Medical College of Wisconsin
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Delphi-panel analysis of appropriateness of high-dose therapy and bone marrow transplants in chronic myelogenous leukemia in chronic phase. Leuk Res 1999 Sep;23(9):817-26



Pubmed ID





BACKGROUND: It is uncertain which people with chronic myelogenous leukemia (CML) in chronic phase should receive conventional treatment (interferon and/or chemotherapy) versus high-dose therapy and a bone marrow transplant. There are no randomized trials comparing these approaches and analyses of data from non-randomized studies are complex, contradictory without sufficient detail to allow subject-level treatment decisions.

OBJECTIVE: Determine appropriateness of high-dose therapy and bone marrow transplants in persons with CML in chronic phase with specific features. Develop a treatment algorithm. PANELISTS: nine leukemia experts from diverse geographic sites and practice settings.

EVIDENCE: Boolean MEDLINE searches of chronic myelogenous leukemia and chemotherapy and/or transplants.

CONSENSUS PROCESS: We used a modified Delphi-panel group judgment process. Age, prognostic score, disease duration, and type of conventional therapy and response were permuted to define 90 clinical settings. Each panelist rated appropriateness of high-dose therapy and a transplant versus conventional therapy on a 9-point ordinal scale (1, most inappropriate, 9, most appropriate) considering three types of donors: (1) HLA-identical siblings; (2) alternative donors (HLA-matched related or unrelated people other than an HLA-identical sibling); and (3) autotransplants. An appropriateness index was developed based on median rating and amount of disagreement. Relationship of appropriateness indices to permuted clinical variables was considered by analysis of variance and recursive partitioning. Preference between donor types was analyzed by comparing mean appropriateness indices of similar settings and a treatment algorithm developed.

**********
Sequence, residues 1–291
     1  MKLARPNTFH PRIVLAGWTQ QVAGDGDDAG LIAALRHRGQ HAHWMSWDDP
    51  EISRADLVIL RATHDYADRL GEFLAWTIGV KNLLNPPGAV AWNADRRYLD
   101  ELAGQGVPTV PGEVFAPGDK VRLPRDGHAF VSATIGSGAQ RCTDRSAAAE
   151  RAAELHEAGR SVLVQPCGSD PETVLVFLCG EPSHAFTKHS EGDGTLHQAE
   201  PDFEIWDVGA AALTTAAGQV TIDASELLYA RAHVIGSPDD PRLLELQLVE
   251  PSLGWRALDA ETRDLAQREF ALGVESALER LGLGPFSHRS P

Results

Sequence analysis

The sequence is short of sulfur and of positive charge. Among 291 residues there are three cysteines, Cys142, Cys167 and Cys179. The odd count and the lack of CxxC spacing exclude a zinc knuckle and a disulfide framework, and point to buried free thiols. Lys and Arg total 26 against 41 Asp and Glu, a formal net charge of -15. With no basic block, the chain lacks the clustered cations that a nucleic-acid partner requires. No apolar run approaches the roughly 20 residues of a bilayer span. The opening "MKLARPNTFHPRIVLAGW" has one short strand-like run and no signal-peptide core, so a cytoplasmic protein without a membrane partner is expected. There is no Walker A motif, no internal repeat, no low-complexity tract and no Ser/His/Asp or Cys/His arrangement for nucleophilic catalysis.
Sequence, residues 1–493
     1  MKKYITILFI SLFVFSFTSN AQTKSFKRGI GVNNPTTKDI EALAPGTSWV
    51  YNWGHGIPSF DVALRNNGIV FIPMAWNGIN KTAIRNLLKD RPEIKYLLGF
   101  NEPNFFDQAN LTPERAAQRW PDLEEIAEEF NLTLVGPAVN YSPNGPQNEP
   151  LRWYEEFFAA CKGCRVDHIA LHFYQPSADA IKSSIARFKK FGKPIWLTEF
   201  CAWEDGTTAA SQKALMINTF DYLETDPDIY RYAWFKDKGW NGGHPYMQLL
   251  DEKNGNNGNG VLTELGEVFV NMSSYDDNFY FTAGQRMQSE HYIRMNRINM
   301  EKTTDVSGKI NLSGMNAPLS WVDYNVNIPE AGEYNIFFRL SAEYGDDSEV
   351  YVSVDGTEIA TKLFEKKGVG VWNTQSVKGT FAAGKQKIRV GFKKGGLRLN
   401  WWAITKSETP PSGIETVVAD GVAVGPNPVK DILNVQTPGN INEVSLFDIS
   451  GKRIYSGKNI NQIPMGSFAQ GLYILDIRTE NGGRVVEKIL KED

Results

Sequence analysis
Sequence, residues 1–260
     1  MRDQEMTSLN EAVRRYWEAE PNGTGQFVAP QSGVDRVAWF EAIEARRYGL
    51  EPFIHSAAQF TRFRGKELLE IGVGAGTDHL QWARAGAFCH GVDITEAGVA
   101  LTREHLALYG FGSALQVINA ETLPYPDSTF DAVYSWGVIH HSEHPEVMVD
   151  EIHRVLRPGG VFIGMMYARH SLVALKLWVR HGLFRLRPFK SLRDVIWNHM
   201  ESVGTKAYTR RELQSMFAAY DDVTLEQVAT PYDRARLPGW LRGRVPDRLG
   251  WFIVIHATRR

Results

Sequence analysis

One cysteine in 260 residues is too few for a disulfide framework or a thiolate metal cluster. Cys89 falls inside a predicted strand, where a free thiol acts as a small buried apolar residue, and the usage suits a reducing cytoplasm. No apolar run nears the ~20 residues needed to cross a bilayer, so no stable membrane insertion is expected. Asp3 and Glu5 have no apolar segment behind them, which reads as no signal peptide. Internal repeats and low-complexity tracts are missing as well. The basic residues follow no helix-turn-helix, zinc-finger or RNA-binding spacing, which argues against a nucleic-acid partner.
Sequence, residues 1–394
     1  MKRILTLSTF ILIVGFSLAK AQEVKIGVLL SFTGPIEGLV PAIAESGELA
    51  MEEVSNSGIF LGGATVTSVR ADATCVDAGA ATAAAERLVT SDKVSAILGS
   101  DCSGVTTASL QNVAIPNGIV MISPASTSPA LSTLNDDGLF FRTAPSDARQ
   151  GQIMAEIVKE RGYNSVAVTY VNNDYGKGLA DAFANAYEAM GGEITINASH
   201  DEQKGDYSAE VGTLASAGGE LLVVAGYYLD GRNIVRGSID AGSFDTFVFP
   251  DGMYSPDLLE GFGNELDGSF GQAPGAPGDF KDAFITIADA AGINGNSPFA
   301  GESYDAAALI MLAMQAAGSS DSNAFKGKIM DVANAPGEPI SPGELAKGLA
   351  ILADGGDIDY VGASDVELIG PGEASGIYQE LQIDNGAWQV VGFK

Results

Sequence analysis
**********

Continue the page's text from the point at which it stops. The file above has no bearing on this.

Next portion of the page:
CONCLUSIONS: In people with CML in chronic phase and an HLA-identical sibling donor and in those with an alternative donor (but no HLA-identical sibling), a transplant was rated appropriate in those with a < or = partial cytogenetic response to interferon and uncertain or inappropriate in all other settings. Autotransplants were rated uncertain or inappropriate in all settings. Most of the variance in appropriateness ratings between different clinical settings was accounted for by response to interferon: complete versus < or = partial response. An HLA-identical sibling donor, when available, was always preferred to an alternative donor or autotransplant. In people without an HLA-identical sibling, an alternative donor was favored over an autotransplant at higher appropriateness indices and the converse at lower appropriateness indices.

Author List

Gale RP, Park RE, Dubois RW, Herzig GP, Hocking WG, Horowitz MM, Keating A, Kempin S, Linker CA, Schiffer CA, Wiernik PH, Weisdorf DJ, Rai KR


Mary M. Horowitz MD, MS Center Director, Professor in the Medicine department at Medical College of Wisconsin

MESH terms used to index this publication - Major topics in bold

Antineoplastic Agents
Bone Marrow Transplantation
Combined Modality Therapy
Delphi Technique
Dose-Response Relationship, Drug
Histocompatibility Testing
Leukemia, Myelogenous, Chronic, BCR-ABL Positive
Middle Aged
Tissue Donors
jenkins-FCD Prod-409 d1e206b0be345926047b0d9c353c78a4cce4058b